Pasture brome

  • Persistent species for dryland sheep and beef farming
  • Suits free-draining soils where ryegrass persistence is poor
  • Very palatable and mixes well with clovers
  • Tolerates dry conditions and hard grazing
  • Stays green and leafier than ryegrass in the summer dry conditions

    Bareno is persistent, high yielding and very palatable. Paddocks of Bareno are assets in a dryland farm system as they persist much better than perennial ryegrass, tolerating dry conditions and hard grazing.


    Easy management

    Bareno is quite different to other bromes, and is more flexible in its management. It is more persistent than prairie grass, and can tolerate both rotational grazing and set stocking. It should be noted that the persistence of Bareno may decline north of Taupo, therefore it is not as suited to northern North Island areas.


    Highly palatable

    A strong feature of Bareno is its palatability through all seasons:

    • It remains palatable, even when seed heads are present, and stays greener and leafier than ryegrass in summer.

    • Bareno can support a high legume content (40% sub and white clover has been measured in spring).


    High yield

    On Lincoln University’s Silverwood Farm, a dryland breeding property in inland Canterbury, Bareno produced 12.5 t DM/ha/year, 9% more than new sowings of perennial ryegrass (11.5 t DM/ha), with excellent spring, summer and autumn growth.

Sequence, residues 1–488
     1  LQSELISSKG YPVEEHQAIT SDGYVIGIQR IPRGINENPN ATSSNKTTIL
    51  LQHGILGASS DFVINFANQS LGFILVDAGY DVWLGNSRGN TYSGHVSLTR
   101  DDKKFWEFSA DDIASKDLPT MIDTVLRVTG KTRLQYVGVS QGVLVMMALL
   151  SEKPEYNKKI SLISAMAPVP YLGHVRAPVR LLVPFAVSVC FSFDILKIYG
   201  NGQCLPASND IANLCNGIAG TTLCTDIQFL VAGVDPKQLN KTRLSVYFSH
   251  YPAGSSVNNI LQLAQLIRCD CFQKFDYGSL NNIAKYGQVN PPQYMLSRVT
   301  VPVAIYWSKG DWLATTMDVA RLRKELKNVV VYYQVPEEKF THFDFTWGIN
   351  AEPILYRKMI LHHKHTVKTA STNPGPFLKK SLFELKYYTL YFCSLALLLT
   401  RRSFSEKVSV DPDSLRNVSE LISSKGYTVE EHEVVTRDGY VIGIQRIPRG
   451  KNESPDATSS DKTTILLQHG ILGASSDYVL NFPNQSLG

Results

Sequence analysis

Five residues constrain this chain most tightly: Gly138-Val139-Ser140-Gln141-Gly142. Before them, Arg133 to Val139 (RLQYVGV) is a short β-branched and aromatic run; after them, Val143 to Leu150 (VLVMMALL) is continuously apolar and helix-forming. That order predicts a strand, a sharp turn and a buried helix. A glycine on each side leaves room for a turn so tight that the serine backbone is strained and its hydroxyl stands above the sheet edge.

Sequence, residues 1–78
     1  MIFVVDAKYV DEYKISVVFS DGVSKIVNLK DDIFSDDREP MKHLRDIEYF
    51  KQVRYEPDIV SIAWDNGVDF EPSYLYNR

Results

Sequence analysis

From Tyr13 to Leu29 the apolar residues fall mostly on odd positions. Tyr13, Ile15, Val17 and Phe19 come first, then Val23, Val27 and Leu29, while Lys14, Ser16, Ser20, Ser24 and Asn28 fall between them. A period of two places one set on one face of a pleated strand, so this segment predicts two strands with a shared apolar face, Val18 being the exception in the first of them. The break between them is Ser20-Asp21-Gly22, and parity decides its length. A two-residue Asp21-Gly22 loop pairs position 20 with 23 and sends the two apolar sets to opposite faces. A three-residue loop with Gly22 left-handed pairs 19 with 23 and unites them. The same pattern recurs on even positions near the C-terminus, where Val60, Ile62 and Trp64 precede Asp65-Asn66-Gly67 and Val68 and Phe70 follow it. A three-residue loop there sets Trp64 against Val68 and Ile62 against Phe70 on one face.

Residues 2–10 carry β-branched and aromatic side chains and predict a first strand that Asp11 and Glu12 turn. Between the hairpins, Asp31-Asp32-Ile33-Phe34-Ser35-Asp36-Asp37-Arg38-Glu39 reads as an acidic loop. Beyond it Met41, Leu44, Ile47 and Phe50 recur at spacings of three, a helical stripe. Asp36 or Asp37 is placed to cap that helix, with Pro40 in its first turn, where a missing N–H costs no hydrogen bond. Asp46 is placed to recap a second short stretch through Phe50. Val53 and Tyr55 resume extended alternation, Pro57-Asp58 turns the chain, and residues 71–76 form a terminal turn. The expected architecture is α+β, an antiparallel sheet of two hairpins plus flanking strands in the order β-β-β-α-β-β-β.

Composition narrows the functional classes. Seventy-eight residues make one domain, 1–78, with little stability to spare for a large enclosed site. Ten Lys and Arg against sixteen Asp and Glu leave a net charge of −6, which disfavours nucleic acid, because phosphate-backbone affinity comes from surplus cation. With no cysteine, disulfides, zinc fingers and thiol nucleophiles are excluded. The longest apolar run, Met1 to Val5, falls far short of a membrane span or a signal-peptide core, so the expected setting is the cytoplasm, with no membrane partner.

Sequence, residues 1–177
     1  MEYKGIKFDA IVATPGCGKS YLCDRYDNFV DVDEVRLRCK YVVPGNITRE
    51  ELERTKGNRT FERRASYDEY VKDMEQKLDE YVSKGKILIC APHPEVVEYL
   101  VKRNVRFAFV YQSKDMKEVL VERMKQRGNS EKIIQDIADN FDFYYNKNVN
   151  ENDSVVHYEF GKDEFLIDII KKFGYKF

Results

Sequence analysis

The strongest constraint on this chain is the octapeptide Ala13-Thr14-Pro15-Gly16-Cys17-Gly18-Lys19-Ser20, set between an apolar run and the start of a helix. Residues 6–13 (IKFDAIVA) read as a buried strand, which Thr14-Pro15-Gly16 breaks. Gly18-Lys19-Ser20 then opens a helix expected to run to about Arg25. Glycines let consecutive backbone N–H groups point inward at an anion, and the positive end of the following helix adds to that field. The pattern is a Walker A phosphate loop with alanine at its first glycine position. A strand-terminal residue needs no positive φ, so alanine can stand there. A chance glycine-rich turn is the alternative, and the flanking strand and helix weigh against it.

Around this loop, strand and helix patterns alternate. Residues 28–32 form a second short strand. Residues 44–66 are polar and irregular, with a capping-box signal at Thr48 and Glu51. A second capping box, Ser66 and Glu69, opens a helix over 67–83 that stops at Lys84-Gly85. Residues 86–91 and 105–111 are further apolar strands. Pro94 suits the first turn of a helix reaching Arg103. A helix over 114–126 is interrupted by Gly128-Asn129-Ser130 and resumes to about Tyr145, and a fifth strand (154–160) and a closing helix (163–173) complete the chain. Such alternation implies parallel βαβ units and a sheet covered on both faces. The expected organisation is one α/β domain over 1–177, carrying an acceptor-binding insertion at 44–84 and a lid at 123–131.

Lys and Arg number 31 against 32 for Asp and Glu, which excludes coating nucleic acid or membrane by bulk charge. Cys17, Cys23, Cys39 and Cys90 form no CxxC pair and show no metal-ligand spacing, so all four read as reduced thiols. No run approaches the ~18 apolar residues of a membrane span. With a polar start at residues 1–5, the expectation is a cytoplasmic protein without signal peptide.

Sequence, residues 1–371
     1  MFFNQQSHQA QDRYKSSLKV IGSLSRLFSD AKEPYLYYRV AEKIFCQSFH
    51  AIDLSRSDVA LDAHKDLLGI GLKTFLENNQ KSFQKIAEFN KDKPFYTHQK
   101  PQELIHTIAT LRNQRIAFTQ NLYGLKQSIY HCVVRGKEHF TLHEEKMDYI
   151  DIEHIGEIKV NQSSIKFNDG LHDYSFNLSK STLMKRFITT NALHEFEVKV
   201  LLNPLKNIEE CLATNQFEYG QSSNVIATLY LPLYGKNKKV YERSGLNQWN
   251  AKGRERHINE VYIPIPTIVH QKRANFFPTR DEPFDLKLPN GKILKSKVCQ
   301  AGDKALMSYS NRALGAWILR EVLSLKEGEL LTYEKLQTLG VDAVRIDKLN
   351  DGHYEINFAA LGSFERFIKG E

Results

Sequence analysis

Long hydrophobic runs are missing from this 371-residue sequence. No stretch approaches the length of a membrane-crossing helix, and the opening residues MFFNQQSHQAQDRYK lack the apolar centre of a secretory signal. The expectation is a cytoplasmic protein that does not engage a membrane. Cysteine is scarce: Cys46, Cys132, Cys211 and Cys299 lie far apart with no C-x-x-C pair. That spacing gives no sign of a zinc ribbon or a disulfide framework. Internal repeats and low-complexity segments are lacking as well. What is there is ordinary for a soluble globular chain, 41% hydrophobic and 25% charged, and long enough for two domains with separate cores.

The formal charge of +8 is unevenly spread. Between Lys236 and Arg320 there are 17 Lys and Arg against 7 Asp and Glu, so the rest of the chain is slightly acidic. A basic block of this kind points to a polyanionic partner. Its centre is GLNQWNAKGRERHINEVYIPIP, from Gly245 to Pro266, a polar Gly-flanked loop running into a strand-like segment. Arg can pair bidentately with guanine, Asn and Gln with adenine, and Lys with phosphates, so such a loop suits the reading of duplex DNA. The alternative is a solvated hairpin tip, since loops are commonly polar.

Seasonal growth


    Sow early

    Brome grasses are slower to establish than ryegrass, so make sure to:

    • Sow when warm - soil temperature 12°C+.
    • Prepare a good seedbed, preferably using a summer fallow.


    Sowing Bareno


    Growing Bareno

    Brome grasses are slower to establish than ryegrass. If you spend a little extra time on correct sowing and early management, you'll be rewarded with good results.



    A summer fallow prior to late summer/early autumn sowing is the recommended best practice to establish Bareno pasture in dry areas. This allows moisture to be carried from the spring through to sowing, ensuring good results even in a dry autumn. Prepare a run-out paddock by spraying out or cultivating in spring (Oct/Nov) before pastures dry out. If there is a further weed strike, spray or cultivate lightly again before drilling.

    If cultivating, prepare a fine, well compacted, weed-free seed bed to allow correct seed depth and soil moisture retention for fast germination. Direct drilling has proven to be very successful. This fits well with summer fallow management.



    Bareno is best sown when soil temperatures are above 12oC, during late summer or early autumn. This gives plants time to adequately establish before winter.

    Establishment is much slower in cool conditions.



    Sow seed shallow, at 10-20 mm. Take care when drilling - the seed may not flow well through some drills.


    Managing Bareno

    Bareno should not be overgrazed in its first year to allow plants to fully establish. Bareno can set seed quickly, however seed heads are much more palatable than those of other pasture grasses.

    In dry summer conditions, Bareno pastures should not be bared out (although they will tolerate this better than ryegrass). Post-grazing covers of 3-4 cm will ensure persistence and regrowth through summer. Remember the plant's reserves in grasses are above the ground (not in the roots).



    Brome grass